Central America

November 25, 2012 9:00 pm

Between two great continents and two great seas lies a narrow strip of land. The land connects the continents of North America and South America. It separates the Pacific Ocean from the Caribbean Sea. It is home to tropical rain forests and once supported an ancient civilization. Today, a variety of people and societies exist there.
This land is called Central America. It’s a place where two continents and many different societies meet.
Do you know what an isthmus is? An isthmus is a land bridge between two larger lands. Central America is an isthmus that connects North and South America. But it’s considered to be a part of North America.
Seven countries make up Central America: Belize, Costa Rica, El Salvador, Guatemala, Honduras, Nicaragua, and Panama. Spanish is the main language in all seven countries. English is the language used by the government in Belize, a former British colony.
The countries of Central America are home to about 36 million people. They include people related to the native Indians, plus people of Spanish, English, Caribbean, and African origin.
Most of the people in Central America are farmers. They grow coffee, sugarcane, cotton, bananas, and other fruit.
Central America has many rugged mountains. The mountains rise steeply on the Pacific side of the isthmus. They drop gradually toward the Caribbean. Tropical forests cover much of the land.
Jaguars and pumas live in the rain forests. So do monkeys, iguanas, boa constrictors, and colorful parrots. The coastal areas on the Caribbean side are home to sea turtles and the giant manatee. The manatee is sometimes called a sea cow because it grazes on grasses that grow in the sea.
Earthquakes are common in Central America. They can be destructive and deadly. There are also more than 100 volcanoes in Central America. At least 14 of them are still active.
Fierce hurricanes sometimes batter Central America, creating another natural danger. In 1998, Hurricane Mitch killed thousands of people and washed away whole villages in Central America.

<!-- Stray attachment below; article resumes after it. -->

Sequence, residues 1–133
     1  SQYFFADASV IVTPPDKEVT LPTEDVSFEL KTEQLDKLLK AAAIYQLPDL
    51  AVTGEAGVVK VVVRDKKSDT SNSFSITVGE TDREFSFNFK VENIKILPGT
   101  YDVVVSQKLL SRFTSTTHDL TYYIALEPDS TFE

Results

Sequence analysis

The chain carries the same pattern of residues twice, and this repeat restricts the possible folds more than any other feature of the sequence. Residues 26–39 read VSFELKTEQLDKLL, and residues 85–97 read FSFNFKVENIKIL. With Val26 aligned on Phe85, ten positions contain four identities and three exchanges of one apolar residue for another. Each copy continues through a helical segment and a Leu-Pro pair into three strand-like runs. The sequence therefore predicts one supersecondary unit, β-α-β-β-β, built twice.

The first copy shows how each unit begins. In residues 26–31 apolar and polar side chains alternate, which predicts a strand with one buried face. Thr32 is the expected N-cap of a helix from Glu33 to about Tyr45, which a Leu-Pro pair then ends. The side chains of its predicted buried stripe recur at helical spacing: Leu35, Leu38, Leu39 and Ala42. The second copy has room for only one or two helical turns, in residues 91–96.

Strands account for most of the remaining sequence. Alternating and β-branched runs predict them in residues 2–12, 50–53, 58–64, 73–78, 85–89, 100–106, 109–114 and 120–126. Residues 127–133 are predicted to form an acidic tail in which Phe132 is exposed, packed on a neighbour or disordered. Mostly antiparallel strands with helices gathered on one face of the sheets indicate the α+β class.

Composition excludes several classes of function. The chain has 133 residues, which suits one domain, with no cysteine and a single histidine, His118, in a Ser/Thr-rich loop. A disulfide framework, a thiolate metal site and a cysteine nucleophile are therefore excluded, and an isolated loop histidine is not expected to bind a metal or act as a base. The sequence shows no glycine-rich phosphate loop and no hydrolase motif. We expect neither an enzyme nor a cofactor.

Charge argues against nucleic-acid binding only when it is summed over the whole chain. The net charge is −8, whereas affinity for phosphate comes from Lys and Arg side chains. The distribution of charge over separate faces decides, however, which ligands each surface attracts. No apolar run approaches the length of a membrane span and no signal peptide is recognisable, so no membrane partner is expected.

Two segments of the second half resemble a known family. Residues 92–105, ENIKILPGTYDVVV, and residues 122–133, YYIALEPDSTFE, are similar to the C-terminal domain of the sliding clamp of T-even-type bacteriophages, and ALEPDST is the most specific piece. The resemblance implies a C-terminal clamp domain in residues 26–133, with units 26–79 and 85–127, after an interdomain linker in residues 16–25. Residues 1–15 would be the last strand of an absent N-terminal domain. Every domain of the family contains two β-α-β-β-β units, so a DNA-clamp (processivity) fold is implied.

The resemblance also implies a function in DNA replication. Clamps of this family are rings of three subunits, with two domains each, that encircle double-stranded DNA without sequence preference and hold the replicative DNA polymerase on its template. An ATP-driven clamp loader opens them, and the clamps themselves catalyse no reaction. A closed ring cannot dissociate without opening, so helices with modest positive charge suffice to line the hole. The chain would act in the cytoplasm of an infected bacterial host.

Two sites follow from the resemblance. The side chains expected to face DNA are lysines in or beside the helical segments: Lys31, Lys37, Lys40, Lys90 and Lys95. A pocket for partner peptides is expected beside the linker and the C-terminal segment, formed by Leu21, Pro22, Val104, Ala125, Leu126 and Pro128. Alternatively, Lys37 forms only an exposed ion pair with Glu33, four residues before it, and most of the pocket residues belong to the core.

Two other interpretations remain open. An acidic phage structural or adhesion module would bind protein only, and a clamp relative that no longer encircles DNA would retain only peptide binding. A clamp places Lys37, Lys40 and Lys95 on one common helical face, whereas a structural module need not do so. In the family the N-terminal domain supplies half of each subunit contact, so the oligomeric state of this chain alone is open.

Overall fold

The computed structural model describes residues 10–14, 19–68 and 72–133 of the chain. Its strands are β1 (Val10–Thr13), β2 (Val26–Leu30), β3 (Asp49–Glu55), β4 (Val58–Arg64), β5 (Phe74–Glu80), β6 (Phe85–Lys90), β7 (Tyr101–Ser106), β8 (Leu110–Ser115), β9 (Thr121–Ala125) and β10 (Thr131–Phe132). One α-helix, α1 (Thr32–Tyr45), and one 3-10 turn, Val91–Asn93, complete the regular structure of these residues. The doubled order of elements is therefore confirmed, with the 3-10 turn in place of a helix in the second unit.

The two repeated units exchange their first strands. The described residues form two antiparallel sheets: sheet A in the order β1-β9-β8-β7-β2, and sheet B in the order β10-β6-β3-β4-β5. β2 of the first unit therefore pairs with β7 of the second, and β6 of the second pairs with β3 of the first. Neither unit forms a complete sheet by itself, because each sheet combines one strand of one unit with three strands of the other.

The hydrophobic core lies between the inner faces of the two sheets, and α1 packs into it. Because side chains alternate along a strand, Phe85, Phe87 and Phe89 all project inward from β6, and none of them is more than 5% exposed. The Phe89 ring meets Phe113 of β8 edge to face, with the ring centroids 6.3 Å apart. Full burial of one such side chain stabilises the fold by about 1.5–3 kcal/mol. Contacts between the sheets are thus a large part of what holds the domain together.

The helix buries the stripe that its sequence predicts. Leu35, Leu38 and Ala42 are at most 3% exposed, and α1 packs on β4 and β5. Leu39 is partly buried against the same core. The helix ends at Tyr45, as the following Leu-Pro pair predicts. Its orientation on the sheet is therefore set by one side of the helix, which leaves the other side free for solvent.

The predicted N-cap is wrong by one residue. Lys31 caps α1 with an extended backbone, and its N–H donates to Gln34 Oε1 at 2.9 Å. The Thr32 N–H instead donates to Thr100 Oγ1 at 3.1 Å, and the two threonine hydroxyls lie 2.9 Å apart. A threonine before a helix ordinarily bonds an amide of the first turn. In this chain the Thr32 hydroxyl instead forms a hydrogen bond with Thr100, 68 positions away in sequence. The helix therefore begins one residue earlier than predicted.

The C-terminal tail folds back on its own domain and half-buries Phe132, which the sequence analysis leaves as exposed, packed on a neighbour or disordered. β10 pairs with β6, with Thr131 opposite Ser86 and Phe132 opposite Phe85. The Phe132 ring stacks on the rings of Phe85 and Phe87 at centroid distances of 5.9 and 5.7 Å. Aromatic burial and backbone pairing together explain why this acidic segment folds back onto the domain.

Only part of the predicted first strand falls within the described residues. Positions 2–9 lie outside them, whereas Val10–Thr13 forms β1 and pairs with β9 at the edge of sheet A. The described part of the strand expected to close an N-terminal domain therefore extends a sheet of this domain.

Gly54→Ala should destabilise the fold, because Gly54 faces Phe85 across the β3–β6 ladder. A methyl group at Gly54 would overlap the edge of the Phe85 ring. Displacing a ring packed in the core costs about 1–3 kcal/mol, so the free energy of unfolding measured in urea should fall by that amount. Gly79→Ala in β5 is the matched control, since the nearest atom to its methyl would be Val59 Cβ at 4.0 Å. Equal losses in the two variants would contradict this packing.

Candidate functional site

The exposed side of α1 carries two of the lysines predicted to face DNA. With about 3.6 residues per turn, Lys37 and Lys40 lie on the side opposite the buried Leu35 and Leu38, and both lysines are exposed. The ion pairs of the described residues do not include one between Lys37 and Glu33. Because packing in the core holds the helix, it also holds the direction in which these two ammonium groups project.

In ancient times, Native Americans used Central America to cross from North America to South America. Many people stayed on the land. One of the most important groups that stayed is called the Maya.
Over 1,000 years ago, the Maya built an advanced civilization in Central America. They erected impressive cities with huge stone pyramids and temples. Maya astronomers and mathematicians were among the world’s most advanced.
Today, the descendants of the Maya still live in Guatemala. They still speak the Maya language. The Maya ruins at Tikal in Guatemala are a popular tourist attraction.
The Panama Canal makes Central America a water bridge, too. The canal cuts through Panama and connects the Pacific Ocean to the Caribbean Sea and the Atlantic Ocean.
The United States built the canal between 1904 and 1914. It’s made up of a big artificial lake, river channels, and twelve locks. Locks are gates that can close off a canal. They allow ships to be raised and lowered to different water levels.
Before the Panama Canal was built, ships had to travel all the way around the tip of South America. The trip was thousands of miles longer and took many days. The canal is about 40 miles (64 kilometers) long. A trip through the canal takes only eight to ten hours.
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